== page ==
The pilot reported that shortly after reaching an altitude of 400 feet agl after takeoff, the engine quit suddenly. He immediately pumped the throttle two times, and turned on the auxiliary fuel pump, but this did not restore engine power. He made a hard forced landing in an industrial park near the airport.
According to the pilot, she dropped her load of skydivers and was coming in for a landing. She “could see fog rolling in fast” and knew she “had to get…on the ground.” She “landed at a higher speed which is normally fine but because of the runway conditions, which were slick, [she] had minimal braking and ran out of runway.”
The Cessna 182, operating as a platform for skydiving operations, sustained substantial damage during a skydiving flight. The commercial pilot reported a skydiver’s reserve parachute accidentally deployed while the skydiver was getting established on the step before jumping from the airplane.
The airline transport certificated pilot with 10 skydiving passengers began a takeoff in a tailwheel-equipped and turboprop powered airplane on a CFR Part 91 skydiving flight. As the airplane started its climb, the pitch angle of the nose of the airplane increased until the airplane appeared to stall about 50 to 100 feet agl. It descended and impacted the runway in a left wing, nose low attitude.
The airplane took off with its third lift of skydivers for the day. The engine began to run roughly at rotation, and due to the speed of the airplane, and the lack of remaining runway, the pilot elected to continue the takeoff. The pilot initially turned toward a public roadway for a forced landing, but the airplane continued to climb under partial power, so he maneuvered back to the airport for a downwind landing on the runway.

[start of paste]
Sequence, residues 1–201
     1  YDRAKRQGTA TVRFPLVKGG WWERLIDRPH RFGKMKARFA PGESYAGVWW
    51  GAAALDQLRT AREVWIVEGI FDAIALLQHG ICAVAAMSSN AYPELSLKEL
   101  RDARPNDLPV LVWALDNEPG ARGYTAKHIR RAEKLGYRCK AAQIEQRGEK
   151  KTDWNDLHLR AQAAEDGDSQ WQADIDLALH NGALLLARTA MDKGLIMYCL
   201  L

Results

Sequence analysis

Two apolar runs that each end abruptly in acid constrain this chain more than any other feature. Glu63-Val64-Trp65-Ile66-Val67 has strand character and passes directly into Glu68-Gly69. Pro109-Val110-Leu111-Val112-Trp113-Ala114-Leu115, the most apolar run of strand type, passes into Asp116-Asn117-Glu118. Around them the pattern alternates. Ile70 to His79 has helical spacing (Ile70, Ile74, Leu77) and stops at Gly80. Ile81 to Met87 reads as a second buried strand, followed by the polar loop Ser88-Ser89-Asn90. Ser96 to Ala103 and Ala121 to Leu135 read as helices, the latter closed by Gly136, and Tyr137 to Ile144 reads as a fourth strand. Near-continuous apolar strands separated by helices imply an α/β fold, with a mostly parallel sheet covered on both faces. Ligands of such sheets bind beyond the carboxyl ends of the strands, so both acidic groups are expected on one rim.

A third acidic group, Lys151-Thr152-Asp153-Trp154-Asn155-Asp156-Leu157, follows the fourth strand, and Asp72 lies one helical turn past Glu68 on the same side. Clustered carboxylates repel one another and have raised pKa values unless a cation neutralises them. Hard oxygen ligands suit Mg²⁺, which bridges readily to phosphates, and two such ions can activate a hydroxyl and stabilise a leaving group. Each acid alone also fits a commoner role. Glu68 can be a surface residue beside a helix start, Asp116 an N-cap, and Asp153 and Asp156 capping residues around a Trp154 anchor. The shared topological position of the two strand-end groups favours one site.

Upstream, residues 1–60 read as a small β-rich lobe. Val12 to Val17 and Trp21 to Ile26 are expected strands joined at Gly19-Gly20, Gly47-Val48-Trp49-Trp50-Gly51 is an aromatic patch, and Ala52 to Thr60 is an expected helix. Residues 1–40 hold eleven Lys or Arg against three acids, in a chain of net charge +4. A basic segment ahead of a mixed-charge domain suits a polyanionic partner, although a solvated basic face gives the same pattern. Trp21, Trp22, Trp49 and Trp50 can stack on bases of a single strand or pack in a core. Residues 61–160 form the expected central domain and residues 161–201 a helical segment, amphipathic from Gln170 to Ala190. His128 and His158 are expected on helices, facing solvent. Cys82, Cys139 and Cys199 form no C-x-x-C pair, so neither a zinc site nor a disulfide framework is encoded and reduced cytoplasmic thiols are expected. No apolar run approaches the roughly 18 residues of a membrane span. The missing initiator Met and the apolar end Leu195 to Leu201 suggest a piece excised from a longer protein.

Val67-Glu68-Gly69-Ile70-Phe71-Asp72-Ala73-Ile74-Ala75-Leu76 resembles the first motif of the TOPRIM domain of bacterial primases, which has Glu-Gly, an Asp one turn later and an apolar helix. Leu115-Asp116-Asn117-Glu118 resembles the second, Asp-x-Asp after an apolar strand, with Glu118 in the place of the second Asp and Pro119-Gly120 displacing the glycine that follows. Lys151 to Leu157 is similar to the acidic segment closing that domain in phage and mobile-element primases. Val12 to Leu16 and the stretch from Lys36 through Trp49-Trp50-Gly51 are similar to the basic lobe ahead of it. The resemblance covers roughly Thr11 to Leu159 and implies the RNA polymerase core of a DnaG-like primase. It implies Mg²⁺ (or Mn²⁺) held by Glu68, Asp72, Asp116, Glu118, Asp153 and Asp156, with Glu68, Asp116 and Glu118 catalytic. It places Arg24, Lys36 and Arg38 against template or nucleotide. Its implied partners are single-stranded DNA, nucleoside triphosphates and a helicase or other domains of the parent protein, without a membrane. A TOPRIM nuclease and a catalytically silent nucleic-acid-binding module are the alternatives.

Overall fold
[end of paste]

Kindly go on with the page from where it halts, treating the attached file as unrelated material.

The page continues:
The airplane lost engine power and collided with terrain during the forced landing. Prior to the second flight of the day the pilot fueled the airplane’s right wing with approximately 8 gallons of fuel, bringing the total fuel load for the flight to approximately 20 or 21 gallons. The operator of the skydiving operation said that he instructed his pilots to fuel the aircraft after each flight to 21 gallons for a load of 3 or 4 people, and to 19 gallons for a load of 2 people.
The purpose of the flight was for the second pilot to perform an evaluation of the first pilot, who was recently designated by the operator as a backup pilot. Following several successful flights with and without passengers, the pilots discussed single engine operations, and the first pilot reduced the right engine’s power to flight idle and feathered the propeller.
The parachute jump plane was substantially damaged when it collided with a parachutist on final approach for landing. The pilot was not able to maintain directional control and the airplane impacted trees and terrain near the airport. The pilot stated that he was on final approach for landing, when a parachutist “made a rapid descent and accelerated from behind [his] right wing.”
The pilot stated that after the 14 jumpers left the airplane at 13,500 feet, southwest of the airport, he started his descent to the northeast. He approached the airport from the northeast overflew the airport, and made a left turn to enter the downwind leg for runway 23. He saw some parachutes on the ground and some in the air.